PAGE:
The total value of Alibaba shares sold as part of the IPO reached $25 billion after underwriters exercised their options, making it the largest ...
Comparison shoppers at CompUSA.com spend more than non-comparison shoppers, but a look at how the comparison shopping page functions showed needed fixes. After the fixes, comparison shopping increased, drop-off rates decreased and total sales went up 3%.
CompUSA Inc. got dramatic proof of the pay-off that simplified online shopping can bring when it analyzed customer drop-off points at its web site, George Coll, vice president of e-commerce, told the eTail conference taking place this week in Palm Springs, CA.
CompUSA managers already knew that the site’s comparison shopping page drove a disproportionate share of sales. Customers who compared products spent 33% more than those who did not, and 17% of all sales came from the comparison shopping page but only 13% of customers used it.
Using web analytics from Coremetrics Inc., CompUSA took a look at how customers used the comparison shopping page and were surprised to find it was a more cumbersome process than they had imagined. Customers had a hard time viewing a picture of the product under consideration, they had to return to product pages to buy, they had to go to other pages to learn about rebates and then to yet other pages to find if a local store had the product in stock.
Analytics results prompted CompUSA to make the comparison shopping page link more prominent, make the layout printer friendly, allow customers to click on a picture to enlarge it, display rebates on the comparison page, make store inventory available, and allow customers to add an item to a cart and proceed directly to checkout.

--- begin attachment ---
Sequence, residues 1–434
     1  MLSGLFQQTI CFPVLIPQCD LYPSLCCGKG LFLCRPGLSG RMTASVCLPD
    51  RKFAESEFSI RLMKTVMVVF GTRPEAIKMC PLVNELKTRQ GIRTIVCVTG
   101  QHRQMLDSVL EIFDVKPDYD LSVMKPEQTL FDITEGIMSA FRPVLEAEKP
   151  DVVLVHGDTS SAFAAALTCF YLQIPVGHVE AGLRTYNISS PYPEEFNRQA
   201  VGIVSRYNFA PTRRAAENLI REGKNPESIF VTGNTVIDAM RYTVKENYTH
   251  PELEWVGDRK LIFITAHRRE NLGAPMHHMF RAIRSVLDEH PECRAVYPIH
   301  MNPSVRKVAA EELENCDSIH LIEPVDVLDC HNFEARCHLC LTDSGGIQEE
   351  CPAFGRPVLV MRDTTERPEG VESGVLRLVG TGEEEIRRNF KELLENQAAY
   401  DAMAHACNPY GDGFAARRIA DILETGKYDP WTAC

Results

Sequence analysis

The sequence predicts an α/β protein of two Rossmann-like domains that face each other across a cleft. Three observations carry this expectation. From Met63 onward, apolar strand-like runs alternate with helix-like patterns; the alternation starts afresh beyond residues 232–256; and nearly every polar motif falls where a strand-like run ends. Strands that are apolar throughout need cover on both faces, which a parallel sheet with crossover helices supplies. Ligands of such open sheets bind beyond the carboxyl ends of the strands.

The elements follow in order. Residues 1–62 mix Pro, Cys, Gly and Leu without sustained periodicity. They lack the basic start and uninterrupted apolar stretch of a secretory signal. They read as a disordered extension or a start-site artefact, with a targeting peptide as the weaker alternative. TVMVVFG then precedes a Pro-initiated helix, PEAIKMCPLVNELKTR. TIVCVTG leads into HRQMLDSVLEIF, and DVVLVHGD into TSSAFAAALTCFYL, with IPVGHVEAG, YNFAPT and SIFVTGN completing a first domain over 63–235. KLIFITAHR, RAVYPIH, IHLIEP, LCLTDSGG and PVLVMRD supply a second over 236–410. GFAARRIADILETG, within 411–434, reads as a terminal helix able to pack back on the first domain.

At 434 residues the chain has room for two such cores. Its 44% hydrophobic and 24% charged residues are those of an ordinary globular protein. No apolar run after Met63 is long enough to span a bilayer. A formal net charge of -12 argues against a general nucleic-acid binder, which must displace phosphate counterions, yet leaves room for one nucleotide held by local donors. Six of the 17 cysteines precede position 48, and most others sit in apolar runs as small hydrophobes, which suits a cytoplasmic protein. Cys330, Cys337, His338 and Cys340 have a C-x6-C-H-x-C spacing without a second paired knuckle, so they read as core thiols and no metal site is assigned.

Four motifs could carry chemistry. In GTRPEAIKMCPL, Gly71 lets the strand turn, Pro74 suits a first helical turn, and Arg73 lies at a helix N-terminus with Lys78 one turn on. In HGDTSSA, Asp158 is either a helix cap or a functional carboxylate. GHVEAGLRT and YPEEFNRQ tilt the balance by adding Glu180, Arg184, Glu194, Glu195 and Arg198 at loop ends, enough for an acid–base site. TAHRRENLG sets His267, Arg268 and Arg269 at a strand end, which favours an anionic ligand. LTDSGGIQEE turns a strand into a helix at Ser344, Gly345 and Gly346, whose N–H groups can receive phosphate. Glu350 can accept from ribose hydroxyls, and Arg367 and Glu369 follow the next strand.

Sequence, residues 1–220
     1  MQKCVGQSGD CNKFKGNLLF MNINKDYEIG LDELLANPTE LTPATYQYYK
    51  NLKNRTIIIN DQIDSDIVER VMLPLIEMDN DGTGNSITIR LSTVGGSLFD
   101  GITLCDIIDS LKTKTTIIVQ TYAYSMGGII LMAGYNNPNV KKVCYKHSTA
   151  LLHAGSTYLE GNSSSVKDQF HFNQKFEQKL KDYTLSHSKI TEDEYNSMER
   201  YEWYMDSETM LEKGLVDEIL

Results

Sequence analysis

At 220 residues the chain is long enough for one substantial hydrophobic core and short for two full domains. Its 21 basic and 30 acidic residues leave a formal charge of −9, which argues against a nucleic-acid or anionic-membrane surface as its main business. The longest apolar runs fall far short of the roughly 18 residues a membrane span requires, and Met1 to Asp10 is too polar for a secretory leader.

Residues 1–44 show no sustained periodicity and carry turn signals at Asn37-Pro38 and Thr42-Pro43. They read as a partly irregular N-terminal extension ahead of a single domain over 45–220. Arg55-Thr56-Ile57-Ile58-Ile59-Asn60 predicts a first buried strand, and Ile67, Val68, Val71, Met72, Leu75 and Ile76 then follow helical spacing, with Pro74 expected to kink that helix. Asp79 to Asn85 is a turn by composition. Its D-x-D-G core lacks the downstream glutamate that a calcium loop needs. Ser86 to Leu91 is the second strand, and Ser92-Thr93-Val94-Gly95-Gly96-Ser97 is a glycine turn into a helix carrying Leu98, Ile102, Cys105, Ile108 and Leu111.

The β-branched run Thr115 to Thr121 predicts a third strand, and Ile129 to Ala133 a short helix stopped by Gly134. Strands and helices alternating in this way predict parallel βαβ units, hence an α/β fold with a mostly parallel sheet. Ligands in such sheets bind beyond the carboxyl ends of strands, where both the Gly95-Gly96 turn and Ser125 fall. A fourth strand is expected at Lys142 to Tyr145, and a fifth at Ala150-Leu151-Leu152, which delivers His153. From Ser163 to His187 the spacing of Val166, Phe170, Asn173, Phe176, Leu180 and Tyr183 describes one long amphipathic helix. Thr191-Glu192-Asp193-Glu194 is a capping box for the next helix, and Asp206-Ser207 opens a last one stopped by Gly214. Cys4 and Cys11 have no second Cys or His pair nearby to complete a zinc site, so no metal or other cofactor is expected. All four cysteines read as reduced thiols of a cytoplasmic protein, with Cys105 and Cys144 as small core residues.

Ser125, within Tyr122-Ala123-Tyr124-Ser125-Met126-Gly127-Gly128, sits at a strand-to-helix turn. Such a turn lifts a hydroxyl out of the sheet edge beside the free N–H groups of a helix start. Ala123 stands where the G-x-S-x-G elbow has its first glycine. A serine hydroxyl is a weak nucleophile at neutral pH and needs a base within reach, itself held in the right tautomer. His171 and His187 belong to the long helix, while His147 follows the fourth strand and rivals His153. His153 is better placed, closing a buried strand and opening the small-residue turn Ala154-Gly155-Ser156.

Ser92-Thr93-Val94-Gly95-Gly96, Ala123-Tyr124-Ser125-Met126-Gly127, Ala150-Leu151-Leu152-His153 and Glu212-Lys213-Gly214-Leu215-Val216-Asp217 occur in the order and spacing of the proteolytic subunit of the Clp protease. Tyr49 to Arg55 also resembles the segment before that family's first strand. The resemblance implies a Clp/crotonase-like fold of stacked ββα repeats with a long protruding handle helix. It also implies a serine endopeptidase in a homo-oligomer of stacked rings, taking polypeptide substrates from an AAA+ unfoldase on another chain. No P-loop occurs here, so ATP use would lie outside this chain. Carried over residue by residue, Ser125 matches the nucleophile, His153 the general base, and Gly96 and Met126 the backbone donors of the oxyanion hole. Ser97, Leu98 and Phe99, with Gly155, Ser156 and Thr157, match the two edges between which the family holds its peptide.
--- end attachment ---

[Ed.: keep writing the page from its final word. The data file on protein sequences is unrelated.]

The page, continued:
The results: CompUSA increased traffic to the comparison page by 11%, reduced drop-offs from comparison page by 56%, and increased total sales just from improving the comparison experience by 3%.
Encouraged by the results, CompUSA looked elsewhere. “We identified every place where leaks were occurring,” Coll said. Focusing on the checkout page, managers found the page very complicated. Customers had to scroll too far down on the page to proceed and the checkout process took too long. It made checkout easier and experienced a 32% increase in checkout completion that resulted in another 5% increase in sales. “We eliminated lots of departures by doing some very simple things,” Coll said.